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Simply put, I carry my Dad's legacy with me through my cookbook, cooking and everyday I am writing my food columns, he is always with me. I carry my Mom with me through a silent reminder of her struggle with breast cancer that took her life, as well as the lives of many other women who have dealt with, and are still dealing with, this horrible affliction. Besides, why not pink? It makes a man look good!

Chorizo Pilaf

Here is a recipe that is not only simple, but the smoky flavor is immediately noticeable. You can substitute any type of whole grain for the rice and it will still be considered a true Pilaf. Try barley, millet, quinoa, spelt or even wheat berries. I take my culinary cue from the Iranian Biryani, as I often add a variety of vegetables, such as bell peppers, zucchini, summer squash, peas and asparagus. Biryani is more highly spiced than I care for, but making Pilaf more hearty but these additions helps keep my waistline down a size or two.

Any type of whole grain may be used to make pilaf, though rice is probably the most commonly used. Most recipes start with a similar process. The grain (usually dried) is sautéed in oil, fat or butter to brown it slightly. To provide full cooking, liquids like broth are added, which add incredible flavor to the dish. Depending upon recipe, a variety of vegetables and meat may be added too, so you can create much more than a side dish with pilaf; it can be a whole and filling meal instead. A number of dishes take their cue from pilaf. Jambalaya and paella are variants. Fried rice in Asian cuisines is somewhat similar. Risotto is another dish that can be directly tied to this the early Persian dish.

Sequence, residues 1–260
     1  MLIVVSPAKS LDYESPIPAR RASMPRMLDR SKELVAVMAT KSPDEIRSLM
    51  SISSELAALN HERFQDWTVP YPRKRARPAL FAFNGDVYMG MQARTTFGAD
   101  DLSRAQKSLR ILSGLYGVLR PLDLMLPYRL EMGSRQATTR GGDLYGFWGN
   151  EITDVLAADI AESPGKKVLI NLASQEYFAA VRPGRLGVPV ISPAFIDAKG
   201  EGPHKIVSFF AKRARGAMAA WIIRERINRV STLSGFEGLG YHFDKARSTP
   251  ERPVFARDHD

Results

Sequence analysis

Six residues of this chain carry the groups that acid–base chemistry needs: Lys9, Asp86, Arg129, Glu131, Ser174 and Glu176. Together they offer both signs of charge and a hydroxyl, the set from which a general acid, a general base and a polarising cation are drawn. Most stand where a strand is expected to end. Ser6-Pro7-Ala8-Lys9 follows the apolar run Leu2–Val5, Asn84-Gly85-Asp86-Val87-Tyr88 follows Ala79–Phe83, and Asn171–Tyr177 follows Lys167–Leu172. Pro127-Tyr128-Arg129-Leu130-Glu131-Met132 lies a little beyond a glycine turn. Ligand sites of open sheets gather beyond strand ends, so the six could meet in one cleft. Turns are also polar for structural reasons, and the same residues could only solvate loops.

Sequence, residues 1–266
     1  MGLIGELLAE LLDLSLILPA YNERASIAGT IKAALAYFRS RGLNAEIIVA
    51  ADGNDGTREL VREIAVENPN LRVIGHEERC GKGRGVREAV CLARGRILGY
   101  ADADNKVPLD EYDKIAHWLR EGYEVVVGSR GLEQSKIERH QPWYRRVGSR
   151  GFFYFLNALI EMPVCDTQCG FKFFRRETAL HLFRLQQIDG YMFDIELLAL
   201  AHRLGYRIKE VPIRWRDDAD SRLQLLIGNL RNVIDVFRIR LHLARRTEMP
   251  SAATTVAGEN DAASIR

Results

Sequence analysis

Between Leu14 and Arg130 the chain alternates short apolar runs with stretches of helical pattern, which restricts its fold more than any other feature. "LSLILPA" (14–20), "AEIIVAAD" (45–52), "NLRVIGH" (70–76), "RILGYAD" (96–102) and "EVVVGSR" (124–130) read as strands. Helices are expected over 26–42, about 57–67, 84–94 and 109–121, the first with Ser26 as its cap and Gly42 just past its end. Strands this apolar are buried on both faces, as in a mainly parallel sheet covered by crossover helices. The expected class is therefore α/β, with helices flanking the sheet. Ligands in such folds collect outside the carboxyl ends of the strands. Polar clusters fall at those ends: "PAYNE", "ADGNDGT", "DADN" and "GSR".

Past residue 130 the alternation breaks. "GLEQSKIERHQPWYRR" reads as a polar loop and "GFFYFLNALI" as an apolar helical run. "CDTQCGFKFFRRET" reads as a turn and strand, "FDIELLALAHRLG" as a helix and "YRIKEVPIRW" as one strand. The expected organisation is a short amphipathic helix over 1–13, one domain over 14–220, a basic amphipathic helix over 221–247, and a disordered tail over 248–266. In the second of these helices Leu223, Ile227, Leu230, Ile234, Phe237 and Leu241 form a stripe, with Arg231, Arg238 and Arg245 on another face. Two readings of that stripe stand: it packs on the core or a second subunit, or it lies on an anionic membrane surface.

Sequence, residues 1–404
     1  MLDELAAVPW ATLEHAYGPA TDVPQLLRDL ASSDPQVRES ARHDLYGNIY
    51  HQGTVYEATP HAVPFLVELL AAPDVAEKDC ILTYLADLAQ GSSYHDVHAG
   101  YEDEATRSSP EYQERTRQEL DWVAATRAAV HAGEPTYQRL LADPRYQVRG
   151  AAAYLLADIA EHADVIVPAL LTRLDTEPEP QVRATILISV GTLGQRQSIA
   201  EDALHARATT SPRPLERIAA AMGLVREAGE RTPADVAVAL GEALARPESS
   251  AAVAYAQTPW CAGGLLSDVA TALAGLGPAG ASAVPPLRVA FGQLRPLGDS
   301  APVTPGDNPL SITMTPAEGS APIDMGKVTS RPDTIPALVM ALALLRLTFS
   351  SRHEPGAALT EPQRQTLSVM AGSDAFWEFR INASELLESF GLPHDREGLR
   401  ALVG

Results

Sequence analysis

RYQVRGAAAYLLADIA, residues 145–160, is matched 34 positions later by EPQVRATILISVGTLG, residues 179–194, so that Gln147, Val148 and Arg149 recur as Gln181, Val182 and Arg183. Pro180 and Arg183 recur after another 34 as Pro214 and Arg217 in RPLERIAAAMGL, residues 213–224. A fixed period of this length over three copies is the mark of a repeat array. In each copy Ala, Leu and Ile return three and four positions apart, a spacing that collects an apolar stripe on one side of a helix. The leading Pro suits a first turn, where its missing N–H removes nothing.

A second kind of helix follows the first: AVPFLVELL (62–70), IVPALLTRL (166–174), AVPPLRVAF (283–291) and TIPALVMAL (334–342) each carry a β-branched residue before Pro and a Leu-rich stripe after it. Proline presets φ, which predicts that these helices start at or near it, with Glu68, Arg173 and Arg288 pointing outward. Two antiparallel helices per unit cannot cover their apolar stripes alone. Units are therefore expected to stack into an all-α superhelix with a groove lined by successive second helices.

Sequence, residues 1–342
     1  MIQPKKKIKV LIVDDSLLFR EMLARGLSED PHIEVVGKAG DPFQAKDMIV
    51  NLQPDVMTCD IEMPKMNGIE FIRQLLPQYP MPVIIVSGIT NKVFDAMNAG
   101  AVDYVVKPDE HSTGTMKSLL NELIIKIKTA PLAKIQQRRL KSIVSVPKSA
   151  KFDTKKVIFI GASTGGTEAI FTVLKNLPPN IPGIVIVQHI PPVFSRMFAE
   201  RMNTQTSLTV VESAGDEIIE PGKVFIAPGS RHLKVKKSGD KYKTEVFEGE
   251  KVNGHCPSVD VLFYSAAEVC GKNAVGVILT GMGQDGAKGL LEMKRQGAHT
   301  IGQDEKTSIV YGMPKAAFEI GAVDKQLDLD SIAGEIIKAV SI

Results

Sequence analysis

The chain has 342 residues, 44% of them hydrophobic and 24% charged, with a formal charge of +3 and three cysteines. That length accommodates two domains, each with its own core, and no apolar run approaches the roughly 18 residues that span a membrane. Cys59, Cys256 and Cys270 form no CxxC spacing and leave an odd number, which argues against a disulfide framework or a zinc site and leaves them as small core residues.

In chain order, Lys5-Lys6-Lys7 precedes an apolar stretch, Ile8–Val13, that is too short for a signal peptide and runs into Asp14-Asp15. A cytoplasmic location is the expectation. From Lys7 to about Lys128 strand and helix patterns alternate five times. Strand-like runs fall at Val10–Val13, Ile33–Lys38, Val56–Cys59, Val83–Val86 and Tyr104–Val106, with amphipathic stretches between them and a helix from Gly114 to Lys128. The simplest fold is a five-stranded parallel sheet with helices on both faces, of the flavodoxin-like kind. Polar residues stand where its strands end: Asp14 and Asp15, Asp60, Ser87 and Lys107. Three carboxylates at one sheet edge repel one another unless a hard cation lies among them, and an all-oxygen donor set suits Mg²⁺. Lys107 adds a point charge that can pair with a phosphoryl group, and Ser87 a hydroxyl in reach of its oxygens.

Ingredients

For 4 people

Recipe

  • 1/4 lb(s) chorizo, sliced thin
  • 1 small onion, diced
  • 1 cup(s) basmati rice
  • 2 cup(s) chicken broth
  • 1 teaspoon(s) cayenne pepper
  • 1 teaspoon(s) black pepper
  • 2 teaspoon(s) cumin

Chorizo Pilaf Directions

  1. Spray a saucepan with oil and place on a medium heat. Fry the chorizo until browned and then set aside on a plate lined with kitchen paper.
  2. There should be enough oil in the saucepan to fry the onion but if there isn’t add some more. Fry the onion for two minutes and then add the cayenne pepper, black pepper, cumin and paprika. Fry for another minute or until soft.
  3. Add the rice and stir until coated with the spicy onion mixture. Return the chorizo to the saucepan and add the stock.
  4. Bring to boil then reduce to a simmer. Cook for 10 minutes, stirring occasionally (or as long as the rice requires).
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